Having been associated with startups for over 8 years, when I have been an entrepreneur and worked with successful startups right from the idea stage, I have come to know some seemingly good traits of entrepreneurs, which in fact hinder success.
As an entrepreneur, you are an optimist by definition. One who sees a problem, identifies a solution, fills the gaps, works hard and brings the solution to the world. A dose of optimism is needed at every stage of the process and in every single day of your work. Right?
Most successful entrepreneurs are realists. One important characteristic that makes some entrepreneurs successful is the extent to which they can foresee and measure risks. It is precisely this quality that makes them realists. When someone evaluates potential risks to the extent possible and has answers for the same, there is very little room for speculation, and hence, the decision to take a certain path turns into one of a realist.
An optimist’s decision, on the other hand, is one that involves a good element of uncertainty. More often than not, this is due to lack of due diligence or vision. While there will be great success stories here as well, the odds can vary immensely.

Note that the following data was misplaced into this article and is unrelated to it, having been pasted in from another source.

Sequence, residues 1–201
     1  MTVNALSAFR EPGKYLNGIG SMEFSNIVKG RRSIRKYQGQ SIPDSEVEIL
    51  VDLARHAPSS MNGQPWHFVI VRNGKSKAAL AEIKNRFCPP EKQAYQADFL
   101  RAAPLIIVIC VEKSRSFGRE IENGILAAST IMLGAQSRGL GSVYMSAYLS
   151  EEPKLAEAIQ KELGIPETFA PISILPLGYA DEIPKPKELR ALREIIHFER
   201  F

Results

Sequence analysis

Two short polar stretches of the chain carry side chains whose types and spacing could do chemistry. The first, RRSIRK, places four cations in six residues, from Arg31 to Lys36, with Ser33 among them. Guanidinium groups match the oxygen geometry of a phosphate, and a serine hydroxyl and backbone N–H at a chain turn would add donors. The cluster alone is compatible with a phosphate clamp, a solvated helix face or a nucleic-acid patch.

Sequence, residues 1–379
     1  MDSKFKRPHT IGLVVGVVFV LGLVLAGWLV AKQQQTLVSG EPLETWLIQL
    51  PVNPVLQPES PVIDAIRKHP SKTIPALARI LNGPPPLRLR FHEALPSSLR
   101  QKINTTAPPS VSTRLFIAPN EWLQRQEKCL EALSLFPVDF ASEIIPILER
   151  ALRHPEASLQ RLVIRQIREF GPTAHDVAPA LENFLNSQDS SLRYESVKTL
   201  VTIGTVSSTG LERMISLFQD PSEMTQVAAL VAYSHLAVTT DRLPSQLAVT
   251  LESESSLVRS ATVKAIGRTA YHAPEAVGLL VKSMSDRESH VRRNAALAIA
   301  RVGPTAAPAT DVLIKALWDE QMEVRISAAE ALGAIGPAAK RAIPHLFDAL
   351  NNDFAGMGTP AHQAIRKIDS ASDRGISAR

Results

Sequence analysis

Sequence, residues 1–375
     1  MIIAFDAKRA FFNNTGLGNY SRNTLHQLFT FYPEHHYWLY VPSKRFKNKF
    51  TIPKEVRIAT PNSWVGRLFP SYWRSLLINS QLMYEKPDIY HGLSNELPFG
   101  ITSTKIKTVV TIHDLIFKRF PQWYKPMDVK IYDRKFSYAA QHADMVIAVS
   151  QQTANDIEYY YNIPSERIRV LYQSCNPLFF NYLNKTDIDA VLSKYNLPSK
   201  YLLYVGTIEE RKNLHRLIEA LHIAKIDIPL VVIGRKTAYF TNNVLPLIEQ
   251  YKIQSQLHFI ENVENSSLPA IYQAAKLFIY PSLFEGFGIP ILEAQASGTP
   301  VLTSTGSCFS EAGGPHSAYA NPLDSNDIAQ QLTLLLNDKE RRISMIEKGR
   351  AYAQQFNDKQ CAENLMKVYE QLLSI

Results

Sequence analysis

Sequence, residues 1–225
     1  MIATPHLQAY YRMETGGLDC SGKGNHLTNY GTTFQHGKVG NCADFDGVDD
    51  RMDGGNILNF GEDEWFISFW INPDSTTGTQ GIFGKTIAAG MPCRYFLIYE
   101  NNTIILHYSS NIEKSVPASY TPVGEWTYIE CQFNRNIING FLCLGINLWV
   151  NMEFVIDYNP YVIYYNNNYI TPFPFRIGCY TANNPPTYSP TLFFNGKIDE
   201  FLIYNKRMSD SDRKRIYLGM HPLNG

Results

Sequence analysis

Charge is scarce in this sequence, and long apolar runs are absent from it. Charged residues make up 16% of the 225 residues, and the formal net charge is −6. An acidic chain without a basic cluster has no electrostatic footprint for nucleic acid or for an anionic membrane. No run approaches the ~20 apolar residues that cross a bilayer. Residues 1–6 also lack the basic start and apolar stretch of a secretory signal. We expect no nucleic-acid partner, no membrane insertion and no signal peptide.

Loving the Idea
Picking a startup idea is much like choosing a life partner. For a better future, you should flirt with ideas, as many as possible and as much as possible, to find the right fit in terms of capabilities, investments and other factors.
Much the same as how you’d stick to your life partner after choosing one (well, ideally), an entrepreneur should stick to the Idea no matter what and take it to the end. Right? Not really.
While a critical assessment of the idea is paramount before embarking on your long journey, it is imperative to be dispassionate about it later. Despite your best efforts, you will see gaps in the idea during the journey. Some surpassable and some hard. When there are questions raised on fundamental aspects that determine the success of the idea, it is time for a dispassionate rethink and pivot if necessary. This is really hard to do if you are in love with your idea. Worse, your love for the idea may not even allow you to get to this stage.
By its very nature, love blinds you from shortcomings of the subject. While this is great if it’s a person, it can prove devastating when it’s a business idea.
Perfection in itself can not be a negative thing. The key, however, is in knowing where to apply it. Entrepreneurs from different backgrounds tend to perfect diverse aspects, and in the process, miss the holistic perfection.
If you are a tech entrepreneur, It’s alright if you don’t have the ideal technical architecture until you need to scale. It’s Ok if you don’t have all the features as long as you still solve the pain for someone. It’s Ok if your first website isn’t fancy as long as it conveys the value. It’s even Ok if you don’t have that killer sales guy as long as you are selling to early adopters.
The success of a startup is a combination of a lot of things, each of which need not be perfect. What needs to be perfect, is the right blend of things which optimises the chances of market success. This is very well illustrated by Steve Blank in his 4 steps to epiphany.
Happy hacking 🙂